Even if you’re new to the series, you’re better off going with the original. Not only did it have a pretty neat plot twist, but it can be had for dirt cheap.
Mario & Sonic at the Olympic Winter Games
Guitar Hero: Warriors of Rock
You didn’t think we’d make it through an article about sequels without mentioning Activision, did you?
Anyway, its little secret that Guitar Hero is a big deal over at Acti-land. After selling a king’s ransom worth of Guitar Hero III, Kotick & Co. saw fit to release an avalanche of GH titles. Between the release of World Tour and GH5, there were nine – NINE! – Guitar Hero games (including Band Hero) spanning both consoles and the Nintendo DS. Thankfully Guitar Hero 5 was a great game, but by then there was some serious music game fatigue.
Which brings me to this year’s Warriors of Rock. Activision definitely learned its lesson and made sure that his would be the only Guitar Hero game to see the light of day this year. However, the game brought nothing new to the table. Sure, the star challenges gave you a reason to play through your DLC all over again, but it’s not exactly worth bullet-pointing on the back of the box. The only major to the game was the ridiculous Quest mode, which was more of a detriment than anything else. I don’t know who Neversoft asked about it, but I didn’t hear anyone clamoring for any sort of story mode for their rhythm game.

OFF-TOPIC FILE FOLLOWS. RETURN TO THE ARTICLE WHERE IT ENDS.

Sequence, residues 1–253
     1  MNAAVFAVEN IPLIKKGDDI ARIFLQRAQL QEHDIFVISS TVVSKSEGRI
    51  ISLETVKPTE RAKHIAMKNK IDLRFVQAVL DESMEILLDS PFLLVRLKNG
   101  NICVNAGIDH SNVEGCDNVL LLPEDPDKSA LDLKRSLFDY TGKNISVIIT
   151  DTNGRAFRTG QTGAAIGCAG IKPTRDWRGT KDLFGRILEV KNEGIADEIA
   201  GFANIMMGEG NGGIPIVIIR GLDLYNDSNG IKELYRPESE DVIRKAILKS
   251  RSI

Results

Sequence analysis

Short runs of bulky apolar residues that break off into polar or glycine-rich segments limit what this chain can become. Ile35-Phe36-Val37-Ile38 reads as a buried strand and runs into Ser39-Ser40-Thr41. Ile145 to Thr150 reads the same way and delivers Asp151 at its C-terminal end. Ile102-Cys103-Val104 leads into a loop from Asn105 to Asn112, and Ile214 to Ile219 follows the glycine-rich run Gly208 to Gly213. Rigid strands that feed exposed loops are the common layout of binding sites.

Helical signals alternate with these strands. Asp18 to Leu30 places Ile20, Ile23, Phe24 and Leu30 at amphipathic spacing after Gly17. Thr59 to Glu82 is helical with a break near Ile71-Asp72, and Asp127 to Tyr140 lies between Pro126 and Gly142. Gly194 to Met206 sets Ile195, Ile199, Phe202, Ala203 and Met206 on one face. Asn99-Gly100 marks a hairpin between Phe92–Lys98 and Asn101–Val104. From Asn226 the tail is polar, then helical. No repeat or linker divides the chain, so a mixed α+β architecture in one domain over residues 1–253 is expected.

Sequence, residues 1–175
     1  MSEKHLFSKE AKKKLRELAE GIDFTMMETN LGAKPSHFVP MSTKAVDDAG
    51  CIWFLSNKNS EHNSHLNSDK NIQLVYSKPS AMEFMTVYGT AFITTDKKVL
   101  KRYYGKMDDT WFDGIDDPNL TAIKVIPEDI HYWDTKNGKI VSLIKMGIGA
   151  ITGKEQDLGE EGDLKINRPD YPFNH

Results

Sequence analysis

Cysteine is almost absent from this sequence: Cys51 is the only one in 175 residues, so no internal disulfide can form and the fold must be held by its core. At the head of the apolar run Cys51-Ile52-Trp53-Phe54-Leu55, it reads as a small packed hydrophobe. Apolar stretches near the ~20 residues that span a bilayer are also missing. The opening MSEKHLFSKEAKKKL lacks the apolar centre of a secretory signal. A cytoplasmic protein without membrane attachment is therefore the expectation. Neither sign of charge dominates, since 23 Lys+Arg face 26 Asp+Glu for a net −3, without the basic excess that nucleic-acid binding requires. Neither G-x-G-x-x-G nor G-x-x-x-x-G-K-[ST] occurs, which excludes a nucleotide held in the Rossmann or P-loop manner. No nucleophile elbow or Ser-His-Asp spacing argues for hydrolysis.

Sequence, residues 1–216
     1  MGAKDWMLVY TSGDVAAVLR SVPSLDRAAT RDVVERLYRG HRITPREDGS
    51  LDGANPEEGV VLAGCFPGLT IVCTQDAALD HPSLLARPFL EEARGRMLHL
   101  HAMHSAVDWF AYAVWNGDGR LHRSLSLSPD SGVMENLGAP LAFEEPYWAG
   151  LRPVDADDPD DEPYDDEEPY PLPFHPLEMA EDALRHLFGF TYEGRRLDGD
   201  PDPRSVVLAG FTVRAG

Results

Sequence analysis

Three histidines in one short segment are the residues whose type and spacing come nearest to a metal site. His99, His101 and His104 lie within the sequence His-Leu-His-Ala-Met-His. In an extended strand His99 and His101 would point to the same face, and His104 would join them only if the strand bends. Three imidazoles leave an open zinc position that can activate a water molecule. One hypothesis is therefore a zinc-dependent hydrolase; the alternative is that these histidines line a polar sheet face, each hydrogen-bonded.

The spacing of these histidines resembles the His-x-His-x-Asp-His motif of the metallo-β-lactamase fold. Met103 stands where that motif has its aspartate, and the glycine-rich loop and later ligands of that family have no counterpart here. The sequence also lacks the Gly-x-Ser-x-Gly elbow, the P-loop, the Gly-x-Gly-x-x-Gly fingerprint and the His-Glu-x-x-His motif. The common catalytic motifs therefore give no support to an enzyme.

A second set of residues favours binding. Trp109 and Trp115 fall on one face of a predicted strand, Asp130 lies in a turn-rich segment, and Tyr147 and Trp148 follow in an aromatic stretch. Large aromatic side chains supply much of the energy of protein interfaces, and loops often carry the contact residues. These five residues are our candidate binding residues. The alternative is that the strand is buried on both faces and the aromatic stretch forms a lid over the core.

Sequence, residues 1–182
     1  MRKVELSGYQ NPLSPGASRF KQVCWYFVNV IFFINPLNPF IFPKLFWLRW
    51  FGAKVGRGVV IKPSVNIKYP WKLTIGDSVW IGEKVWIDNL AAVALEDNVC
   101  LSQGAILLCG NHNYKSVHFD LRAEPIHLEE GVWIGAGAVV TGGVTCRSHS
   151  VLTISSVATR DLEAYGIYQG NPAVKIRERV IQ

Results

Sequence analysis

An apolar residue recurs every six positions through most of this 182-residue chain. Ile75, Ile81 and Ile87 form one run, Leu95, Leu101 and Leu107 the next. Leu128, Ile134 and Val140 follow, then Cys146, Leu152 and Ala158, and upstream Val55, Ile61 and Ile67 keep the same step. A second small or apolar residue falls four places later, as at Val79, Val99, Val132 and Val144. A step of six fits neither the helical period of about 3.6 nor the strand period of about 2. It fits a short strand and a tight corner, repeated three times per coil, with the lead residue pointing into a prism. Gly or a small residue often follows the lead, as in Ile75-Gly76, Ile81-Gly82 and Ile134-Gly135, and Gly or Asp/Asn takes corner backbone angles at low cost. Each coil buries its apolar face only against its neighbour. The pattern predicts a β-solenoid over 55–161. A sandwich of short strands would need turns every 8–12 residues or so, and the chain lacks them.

This was all wildly disappointing because the core gameplay remained as fun as ever. But when Rock Band 3 released a month later with the addition of a new instrument and the ability to teach you how to play for real, it isn’t reason enough to release what is basically a $60 expansion.
Tony Hawk: Shred
It’s an Activision two-fer!
I’ll admit that I will most likely never play Tony Hawk: Shred. Not only do I find the idea of having to buy another plastic peripheral ridiculous, it seems that Activision isn’t even bothering with appealing to anyone above the age of 12 with the latest Hawk game. That’s not just general sentiment – Activision Publishing CEO Eric Hirshberg said so himself.
The real problem lies in the fact that people just don’t care about Tony Hawk games anymore. Each subsequent entry in series after the game went “Underground” reviewed worse and worse, culminating in the woeful TH: Ride last year. This year you’ll be hard-pressed to find more than a few reviews of the game at all, with the most damning thing of all is the game’s horrific sales – just 3,000 copies in its first week.
Like DJ Hero last year, Activision believes that the game will find its sales legs during the holiday season. We can’t help but doubt that however, and it seems that the Tony Hawk brand may be all but dead. A damn shame, as the first three games are some of the most fun I’ve ever had with a video game.